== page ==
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X2 prosthetic leg now offered to older veterans

WASHINGTON — Vietnam veteran John Loosen has been walking with a prosthetic leg for nearly 40 years, but this week was the first time he could step backward or comfortably shift weight from side to side.

“Just wearing this leg for a few hours, I can already tell this is going to be better for me,” said the 61-year-old Army veteran who was wounded during a mortar attack in 1968. “Before, just standing, I’d always put my weight on my right side. But now I can feel this [prosthetic] leg responding more. I’ve got more confidence in it.”

Loosen’s new leg is an X2 prosthesis system, a microprosessor-controlled device that can react to subtle changes in terrain or the wearer’s gait. The technology has been available to wounded veterans from Iraq and Afghanistan for years, but Loosen is the first Vietnam-era veteran to receive one through the Department of Veterans Affairs.

VA officials said they hope to give out between 10 and 20 of the X2 legs per month to older amputees through a program launched this month.

Dr. Joseph Miller, national director for prosthetic and orthotic services for the VA, said about 46,000 amputees are in the veterans health system now, some injured in combat but many others who’ve lost a limb to disease or diabetes.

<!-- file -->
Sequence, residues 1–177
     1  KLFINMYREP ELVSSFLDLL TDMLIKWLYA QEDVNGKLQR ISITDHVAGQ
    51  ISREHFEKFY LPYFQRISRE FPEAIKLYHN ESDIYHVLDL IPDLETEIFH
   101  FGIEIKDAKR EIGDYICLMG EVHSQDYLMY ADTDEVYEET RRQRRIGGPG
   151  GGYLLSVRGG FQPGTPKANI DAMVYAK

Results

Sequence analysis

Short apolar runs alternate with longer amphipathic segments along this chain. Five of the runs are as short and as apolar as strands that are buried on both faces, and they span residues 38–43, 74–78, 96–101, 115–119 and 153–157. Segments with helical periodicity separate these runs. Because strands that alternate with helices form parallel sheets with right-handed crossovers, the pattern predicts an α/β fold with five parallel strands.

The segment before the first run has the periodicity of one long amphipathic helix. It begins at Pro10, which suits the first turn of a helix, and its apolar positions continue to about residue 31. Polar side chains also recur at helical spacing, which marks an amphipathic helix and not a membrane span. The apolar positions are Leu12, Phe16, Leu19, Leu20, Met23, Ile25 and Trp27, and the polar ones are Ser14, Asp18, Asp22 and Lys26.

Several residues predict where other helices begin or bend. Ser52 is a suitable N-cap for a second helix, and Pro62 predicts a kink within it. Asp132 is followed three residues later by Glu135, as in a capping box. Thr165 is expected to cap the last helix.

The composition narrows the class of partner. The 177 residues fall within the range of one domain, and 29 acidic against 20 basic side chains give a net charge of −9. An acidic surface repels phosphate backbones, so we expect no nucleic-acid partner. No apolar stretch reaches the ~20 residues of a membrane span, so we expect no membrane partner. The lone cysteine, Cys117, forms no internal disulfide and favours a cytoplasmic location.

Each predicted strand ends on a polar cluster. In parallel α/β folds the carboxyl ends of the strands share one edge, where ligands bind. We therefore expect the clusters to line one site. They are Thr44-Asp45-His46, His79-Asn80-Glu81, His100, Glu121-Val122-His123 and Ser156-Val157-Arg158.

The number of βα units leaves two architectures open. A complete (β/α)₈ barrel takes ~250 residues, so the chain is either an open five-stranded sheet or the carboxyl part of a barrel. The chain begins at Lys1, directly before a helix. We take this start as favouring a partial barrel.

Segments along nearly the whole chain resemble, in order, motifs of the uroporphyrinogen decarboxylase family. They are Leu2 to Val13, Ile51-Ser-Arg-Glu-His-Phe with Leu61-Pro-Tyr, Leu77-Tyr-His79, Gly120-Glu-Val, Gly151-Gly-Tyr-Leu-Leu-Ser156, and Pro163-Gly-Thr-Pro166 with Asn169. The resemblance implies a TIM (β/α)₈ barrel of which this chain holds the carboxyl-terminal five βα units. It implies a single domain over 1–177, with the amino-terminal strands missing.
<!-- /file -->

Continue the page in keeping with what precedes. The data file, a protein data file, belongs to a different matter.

“This is the kind of leg that’s perfect for someone who’s active, who just wants to be able to walk and do normal, everyday things,” he said. “It was developed with [the Iraq and Afghanistan veteran] population in mind, but we realized the key features it has would also benefit our entire veteran population.”

The X2 leg and a similar model also available to older veterans have a longer battery life than the C-Legs widely in use in the VA. They can be quickly programmed for running or rough terrain, and mimic a natural gait better than older models.

Prosthetics experts at Walter Reed Army Medical Center — where Loosen is getting training on his new leg — said that amputees typically replace their prosthetics every few years, upgrading when appropriate to newer materials and models.

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Miller said while he expects thousands of older veterans to benefit from the program, he doesn’t expect an immediate flood of requests for the new technology. Instead, they’ll likely hear about the technology in their regular check-ups, and be offered a replacement opportunity then.

“It does require a different socket [to secure the leg to the body] and it does take some practice,” he said. “But it’s another option for those veterans, and eventually I think we’ll see a lot of them take advantage.”

Miller noted that for more advanced athletes like runners or skiers, the VA has even more adaptive prosthetics that can outperform the X2 leg. But Loosen said he’s just hoping the device will help lessen the pain in his hip brought on by years of improper posture and gait caused by his old prosthetic.

“I’m not looking to go inline skating,” he said. “But I will use this to play golf. It’ll probably affect my swing and screw up my game, but that’s OK. I really can’t get much worse.”

shanel@stripes.osd.mil

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